Last summer, Stephan Caspar’s students gathered safely, sans masks yet without fear of contracting COVID-19. They played basketball and launched fireworks into the sky before proceeding to a boardroom overlooking a city skyline. The digital avatars each student inhabited stood around a conference table as Caspar presented.
This session of Caspar’s "Multicultural Pittsburgh: Exploring Language and Culture Through Digital Storytelling" class occurred entirely in virtual reality (VR) and is indicative of the kind of immersive experience typically found in the Askwith Kenner Global Languages and Cultures Room at Carnegie Mellon University.
When COVID-19 emerged and forced in-person classes to transition to remote learning, Caspar, an assistant teaching professor in media creation and multicultural studies, literally went the extra mile - driving to drop off VR headsets to students who didn’t have access to the technology. He now teaches his classes remotely, emphasizing the impact VR can have as a storytelling tool.
"We’re used to learning languages in an immersive way. So, you might go to a country and absorb the language, just by living and studying there," Caspar said. "We’re wondering whether those affordances, that quality of immersion, can actually happen here at CMU."
As most of higher education transitioned to remote learning in response to the global pandemic, CMU’s Stephan Caspar took things one step further and experimented with teaching a class in virtual reality.
The Global Languages & Cultures Room, in its third year of operation, brings immersive technologies to help students learn about language and culture. Caspar’s classes draw students from every discipline across the university. While heavily based on the technology available in the room, transitioning online this past spring was made possible with smartphone apps for augmented and virtual reality.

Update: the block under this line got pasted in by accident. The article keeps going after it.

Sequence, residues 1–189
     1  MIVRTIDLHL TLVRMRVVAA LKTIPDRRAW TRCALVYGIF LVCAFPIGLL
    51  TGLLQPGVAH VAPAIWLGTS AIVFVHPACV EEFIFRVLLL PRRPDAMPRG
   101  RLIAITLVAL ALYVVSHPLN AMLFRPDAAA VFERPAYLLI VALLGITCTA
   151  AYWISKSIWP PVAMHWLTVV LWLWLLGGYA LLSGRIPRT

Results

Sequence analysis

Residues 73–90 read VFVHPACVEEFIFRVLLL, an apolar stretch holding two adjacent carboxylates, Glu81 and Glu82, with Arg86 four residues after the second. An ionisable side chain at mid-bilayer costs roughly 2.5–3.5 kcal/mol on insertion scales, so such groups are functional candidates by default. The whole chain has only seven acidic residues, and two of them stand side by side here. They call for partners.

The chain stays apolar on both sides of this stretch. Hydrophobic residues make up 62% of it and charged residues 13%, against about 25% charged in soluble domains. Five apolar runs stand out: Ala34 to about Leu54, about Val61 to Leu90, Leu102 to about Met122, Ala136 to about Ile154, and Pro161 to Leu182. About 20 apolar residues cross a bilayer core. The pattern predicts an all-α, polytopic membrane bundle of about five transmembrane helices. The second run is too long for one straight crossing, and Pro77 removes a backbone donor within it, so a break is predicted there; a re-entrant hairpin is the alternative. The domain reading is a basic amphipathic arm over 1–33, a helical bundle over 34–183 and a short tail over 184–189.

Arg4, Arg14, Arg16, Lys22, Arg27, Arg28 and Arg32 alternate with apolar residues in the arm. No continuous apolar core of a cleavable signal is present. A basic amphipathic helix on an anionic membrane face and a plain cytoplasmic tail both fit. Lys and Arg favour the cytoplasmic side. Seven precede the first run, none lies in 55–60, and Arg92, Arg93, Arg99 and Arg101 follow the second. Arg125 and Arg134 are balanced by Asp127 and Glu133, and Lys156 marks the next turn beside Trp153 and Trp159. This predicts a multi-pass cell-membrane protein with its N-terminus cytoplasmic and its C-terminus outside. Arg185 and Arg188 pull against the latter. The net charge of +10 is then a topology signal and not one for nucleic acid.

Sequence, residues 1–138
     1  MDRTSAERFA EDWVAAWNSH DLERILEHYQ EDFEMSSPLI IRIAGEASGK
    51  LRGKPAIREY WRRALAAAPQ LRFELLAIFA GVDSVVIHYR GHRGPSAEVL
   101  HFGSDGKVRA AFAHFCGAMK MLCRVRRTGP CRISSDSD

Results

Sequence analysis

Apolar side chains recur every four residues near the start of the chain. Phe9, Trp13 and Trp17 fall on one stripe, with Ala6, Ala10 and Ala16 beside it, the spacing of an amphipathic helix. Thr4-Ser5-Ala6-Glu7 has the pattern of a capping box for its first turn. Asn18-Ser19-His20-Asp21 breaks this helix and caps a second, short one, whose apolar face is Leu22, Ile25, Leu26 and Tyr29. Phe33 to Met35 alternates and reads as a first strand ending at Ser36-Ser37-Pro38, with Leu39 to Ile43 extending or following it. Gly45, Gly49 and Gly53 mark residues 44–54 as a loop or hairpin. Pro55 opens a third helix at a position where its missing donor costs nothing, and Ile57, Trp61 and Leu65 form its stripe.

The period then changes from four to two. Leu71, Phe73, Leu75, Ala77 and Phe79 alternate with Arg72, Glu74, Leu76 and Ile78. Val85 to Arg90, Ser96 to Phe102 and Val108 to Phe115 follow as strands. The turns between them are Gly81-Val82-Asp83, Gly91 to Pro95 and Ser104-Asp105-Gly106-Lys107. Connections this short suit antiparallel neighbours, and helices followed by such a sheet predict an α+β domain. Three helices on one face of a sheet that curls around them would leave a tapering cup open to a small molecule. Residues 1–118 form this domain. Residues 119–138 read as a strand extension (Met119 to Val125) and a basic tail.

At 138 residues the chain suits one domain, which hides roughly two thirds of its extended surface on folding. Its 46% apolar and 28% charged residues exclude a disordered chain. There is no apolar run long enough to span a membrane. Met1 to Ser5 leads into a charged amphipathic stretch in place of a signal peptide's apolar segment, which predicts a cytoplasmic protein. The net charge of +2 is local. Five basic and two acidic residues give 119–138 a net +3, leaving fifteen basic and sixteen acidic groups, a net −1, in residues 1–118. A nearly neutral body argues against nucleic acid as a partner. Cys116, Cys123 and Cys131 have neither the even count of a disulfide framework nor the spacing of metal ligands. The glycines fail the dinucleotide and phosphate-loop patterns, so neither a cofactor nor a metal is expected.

"There are lots of courses across CMU doing deep dives into the technology. What we’re interested in doing is using technology in a way that allows students to tell stories about who they are, and what is their cultural heritage," Caspar said. "We’re getting into a golden age of VR. Now it’s accessible enough for students to make their own projects without a huge amount of technical knowledge."
Jake Kim, a student in Caspar’s class during the outbreak of COVID-19, majored in psychology and biology and graduated last May.
"Honestly, I was blown away by how much tech there is in the Room. It’s really impressive," Kim said.
Once the class transitioned online, Kim and his fellow students experimented with VR as a medium for documentaries and film, via cell phone apps and Google Cardboard.
"Professor Caspar really opened my eyes to the potential [of VR] being used as a storytelling medium, especially in documentaries. It really feels like you’re on the ground with these people," Kim said. "It makes you feel empathy for whatever subject matter is being shown to you because it’s so immersive."
Another student, Valeria Cordova Mulvany, a sophomore studying information systems , took the class remotely over the summer. Her study into the technologies of storytelling led to an animated final project detailing her experience with culture clash exacerbated by generational gap.
"Some stories can be enhanced by technology. In those cases, technology is just the medium," Cordova Mulvany said. "But VR is enabling rather than just the medium. It’s so immersive and detailed. No matter what we do to try and describe something, we would never be able to create that physical space in someone’s mind the way that making a 3D animation of it would be."
Nancy Zuo, a sophomore studying cognitive science with a minor in human-computer interaction , already owned a VR headset when she started Caspar’s class. She enjoyed the chance to shoot basketballs and fireworks and interact with her classmates virtually.
"I appreciated the difference from teleconferencing. We could see people’s gestures and move around. I hope that more classes that are discussion-based could find a way to integrate VR," Zuo said. "We’re all getting used to virtual learning and new methods. Zoom was new. If we start to become more used to VR, maybe it can be the next Zoom."